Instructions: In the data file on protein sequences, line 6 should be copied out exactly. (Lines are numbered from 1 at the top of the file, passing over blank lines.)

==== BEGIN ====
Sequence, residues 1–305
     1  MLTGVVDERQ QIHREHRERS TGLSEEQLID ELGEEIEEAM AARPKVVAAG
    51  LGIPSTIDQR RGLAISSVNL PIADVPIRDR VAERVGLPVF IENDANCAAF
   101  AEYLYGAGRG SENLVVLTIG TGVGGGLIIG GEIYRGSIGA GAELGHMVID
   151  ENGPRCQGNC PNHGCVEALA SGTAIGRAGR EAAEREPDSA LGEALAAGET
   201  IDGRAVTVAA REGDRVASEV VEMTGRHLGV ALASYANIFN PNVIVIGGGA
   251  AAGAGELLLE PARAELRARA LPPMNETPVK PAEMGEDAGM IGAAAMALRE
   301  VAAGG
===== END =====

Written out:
   201  IDGRAVTVAA REGDRVASEV VEMTGRHLGV ALASYANIFN PNVIVIGGGA